you are what you eat
18 May 2013, by gj
A lot of confusion surrounds GMO seeds, as the term is now used in reference to Monsanto; and there are many gardeners concerned that they might buy some by accident.
That is simply not possible.
You won’t find GMO seeds this way.
Here’s what you would have to do to get it:
1. Buy a farm. Call up Monsanto and tell them you want to sign that long intense contract that even controls you and your crop after you stop growing GMO. Buy seeds from them, buy Round-up from them. Grow the crop, but don’t save any seeds, or they will sue you.
2. Buy land down wind from a farm that is growing GMO crops that are wind pollinated, like corn. Let them cross pollinate your non-GMO crop. Save the seeds. Just don’t let Monsanto find out, or they will sue you.
3. Buy GMO veggies at the store, like corn or zucchini. Save the seeds and replant. Chances are they won’t grow, because the seed is too immature to germinate. So what if Monsanto finds out? They might sue you anyway.
Here’s the thing to remember, Monsanto doesn’t want you to have their seeds without the contract. They are not in seed packets at your local Farm and Garden. They’re just not.
So usually when someone says they only grow non-GMO, what they probably mean is they are growing heirlooms and open pollinated, not hybrids.
But a hybrid is only a cross between a plant and a similar plant, like a tomato and another, slightly different, tomato. Bees do it naturally, and growers do it on purpose.
A GMO is not plant to plant. It’s a tomato and a fish, or corn and E. Coli.
Really big difference.
The danger of foods containing GMO.
Categories: all about seeds, GMO's, you are what you eat
26 April 2013, by gj
It is said that in Pennsylvania there are four seasons:
This spring certainly seemed to agree.
But I found out recently there is a marking of springtime that I was not aware of.
I had stopped in the local grocery very early in the morning to pick something up for work. They had their refrigerated produce section completely emptied out.
When I asked one of the staff what had happened, she told me that “They do this every year, in the spring. A guy from ‘main’ comes out and sets everything up. You know, the weather’s getting warm, everyone’s going to want watermelon.”
You got to love marketing.
So I stopped back later and sure enough they were done.
Look how that produce just leans towards you, begging you to choose it. See how conveniently the bags are placed? Look how bright everything is!
Then I noticed something. That produce is similar in color to the red and orange plastic coolers above, and about as uniform in size. My produce isn’t that bright and it certainly doesn’t look all the same like that.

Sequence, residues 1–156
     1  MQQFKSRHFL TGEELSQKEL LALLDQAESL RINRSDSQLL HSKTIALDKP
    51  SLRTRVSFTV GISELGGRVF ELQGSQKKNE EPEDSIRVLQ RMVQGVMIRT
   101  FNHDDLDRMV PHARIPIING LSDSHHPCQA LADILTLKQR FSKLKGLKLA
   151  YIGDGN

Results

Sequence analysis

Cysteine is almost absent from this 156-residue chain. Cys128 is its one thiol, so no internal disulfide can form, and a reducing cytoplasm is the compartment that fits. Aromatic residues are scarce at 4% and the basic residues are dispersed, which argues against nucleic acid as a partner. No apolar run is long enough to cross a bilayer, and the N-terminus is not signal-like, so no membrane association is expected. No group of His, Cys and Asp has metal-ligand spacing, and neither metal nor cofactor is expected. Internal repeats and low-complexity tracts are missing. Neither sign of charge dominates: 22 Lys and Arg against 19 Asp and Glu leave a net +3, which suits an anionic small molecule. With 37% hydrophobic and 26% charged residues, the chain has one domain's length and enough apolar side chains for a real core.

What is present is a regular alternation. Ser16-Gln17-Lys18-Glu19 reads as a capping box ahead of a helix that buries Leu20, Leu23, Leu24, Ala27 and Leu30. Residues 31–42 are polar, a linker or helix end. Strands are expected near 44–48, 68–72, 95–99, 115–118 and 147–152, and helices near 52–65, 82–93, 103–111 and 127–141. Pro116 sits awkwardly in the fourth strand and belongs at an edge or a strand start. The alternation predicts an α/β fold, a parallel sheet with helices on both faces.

Did you know that groceries have a higher markup on produce than anything else?
That’s why most stores have the produce department right by the main entrance.
Don’t get taken by their ploys:
Eat real food.
Grow what you can.
Learn to preserve food.
Choose non-GMO and organic what you can afford.
Here’s a great link to the Certified Non-GMO Project with lists of foods that have been certified to be GMO free.
And here’s a cute video in case you need a little more motivation.
Oh yeah, and there is one more sign of spring:
Categories: GMO's, you are what you eat
31 March 2013, by gj
This recipe sounds fancy-shmancy, but actually it’s pretty easy.
Crème Anglaise is most often flavored using vanilla beans, but really the sky is the limit when it comes to combinations of fillings and flavors.
Creme Anglais flavored with Fresh Mint.
Crème Anglaise Sauce
2 cups milk
3/4 cup fresh mint
1/2 cup sugar
6 egg yolks
Mix the milk and half of the sugar together in a pan. Bring it just to a boil over medium-low, add mint and remove from heat.
Separate the eggs and place the yolks in a bowl with the other half of the sugar. Whisk the mixture to make it light.
Bring the milk back up just to a boil, then slowly add to the eggs, whisking as you go. Do this very slowly, known as tempering, or you will get scrambled eggs. For your first time, it helps to have one person whisk as the other slowly adds the eggs. Once you see how it’s done, you’ll know how simple it is.
Return the mixture to the stove and cook stirring lightly but constantly, until it starts to thicken. The end result should be more like a syrup not a pudding.
Strain through cheesecloth or other strainer to remove the mint and let cool. Give it a stir once in a while or it will get a ‘skin’ on it. When cool enough, refrigerate.